This morning, after the class of rising fourth-graders at P.S. 211 established what they want to know about the Bronx, they divided into four different groups to come up with projects that would help teach them. One group wanted to know what animals live in the Bronx, so they decided to create a magazine about wildlife. Another group wanted to know what some of the most famous restaurants are in the Bronx, so they’re creating a menu for their own Arthur Avenue eatery.
Their project-based learning is the hallmark of the Department of Education’s Summer Quest program, which is designed to prevent students from losing ground over the summer. It differs from regular summer school, which is geared toward helping students pass state math and reading exams, because it enrolls students who struggle but are not the lowest-performing, a rarity among city-funded summer programs.
Summer Quest, which is part of Chancellor Dennis Walcott’s focus on middle schools, launched last year with 1,120 elementary and middle school students in 12 schools and includes 1,800 students this year. Community-based organizations including the Children’s Aid Society, Building Educated Leaders for Life, and Good Shepherd Services have partnered with 11 South Bronx schools to provide staff and support services for five-week, nine-hour-a-day program.
At P.S. 211, which Chancellor Dennis Walcott toured Thursday morning, the theme for all Summer Quest learning is “Our New York City.” Students in different classrooms drew maps of the Bronx and its landmarks, sketched and shared objects that were significant to their cultures, learned to cook a vegetable frittata, and practiced a choreographed dance routine — which Walcott enthusiastically joined.
“It’s more fun than regular school. All you do is work all day and you get lunch for an hour and that’s it,” said Justin Ricks, a rising fourth-grader. “Here, you play around … have work for three hours in the morning, then have fun the rest of the day.” He said he was especially excited for a project in which his class would build its own New York City out of boxes.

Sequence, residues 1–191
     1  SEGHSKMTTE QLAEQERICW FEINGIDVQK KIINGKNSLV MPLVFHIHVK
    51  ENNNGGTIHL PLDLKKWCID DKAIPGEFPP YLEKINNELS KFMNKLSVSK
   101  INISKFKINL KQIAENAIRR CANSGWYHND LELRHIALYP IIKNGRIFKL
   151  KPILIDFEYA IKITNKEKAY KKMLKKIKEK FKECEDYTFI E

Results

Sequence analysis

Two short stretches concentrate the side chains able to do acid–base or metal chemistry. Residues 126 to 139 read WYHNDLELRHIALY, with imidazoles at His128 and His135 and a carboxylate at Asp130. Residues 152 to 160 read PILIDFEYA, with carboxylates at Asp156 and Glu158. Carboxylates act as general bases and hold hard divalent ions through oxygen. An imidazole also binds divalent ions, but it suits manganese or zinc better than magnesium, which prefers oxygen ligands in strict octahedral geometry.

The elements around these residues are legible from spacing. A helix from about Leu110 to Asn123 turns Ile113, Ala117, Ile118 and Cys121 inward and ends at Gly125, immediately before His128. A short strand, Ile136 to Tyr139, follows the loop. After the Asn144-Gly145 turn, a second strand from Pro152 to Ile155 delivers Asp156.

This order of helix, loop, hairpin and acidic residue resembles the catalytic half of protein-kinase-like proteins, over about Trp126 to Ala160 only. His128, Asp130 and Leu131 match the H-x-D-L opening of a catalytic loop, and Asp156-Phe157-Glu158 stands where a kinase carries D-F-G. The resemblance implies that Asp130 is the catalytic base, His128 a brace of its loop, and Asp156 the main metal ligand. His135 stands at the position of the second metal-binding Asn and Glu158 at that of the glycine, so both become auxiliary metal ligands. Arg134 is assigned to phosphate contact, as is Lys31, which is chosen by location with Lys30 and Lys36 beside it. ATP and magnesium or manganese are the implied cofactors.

This year Summer Quest’s budget is $4.5 million, with $2.5 million raised privately by the Fund for Public Schools and $2 million from the city, which includes out-of-school-time funding. The DOE also partnered with the Department of Youth and Community Development to launch the project.
In its first year, Summer Quest targeted students who barely passed state exams, but this year, with test scores expected to fall because of the state’s new Common Core standards, the program also includes students who failed. Principal Betty Gonzalez-Soto of P.S. 211 said about 30 percent of her students in Summer Quest didn’t pass the state test; for Venessa Singleton, principal of P.S. 300, that figure was about 22 percent. She added that students who did Summer Quest last year made tremendous academic gains and started the school year off better prepared.
There are lessons to learn from summer programs like Summer Quest that could shape the U.S. Department of Education’s redesign of schools, said Michael Robbins, senior advisor for nonprofit partnerships at the U.S. DOE.
“This is learning that’s not just sitting in a classroom — it’s connecting students with each other, with their communities, and with their interests,” said Robbins, who also planned to visit other city summer programs including ones operated by the HIVE NYC Learning Network and The After-School Corporation.
Check out the video below to see Walcott practice his ballet moves with students at P.S. 211 today.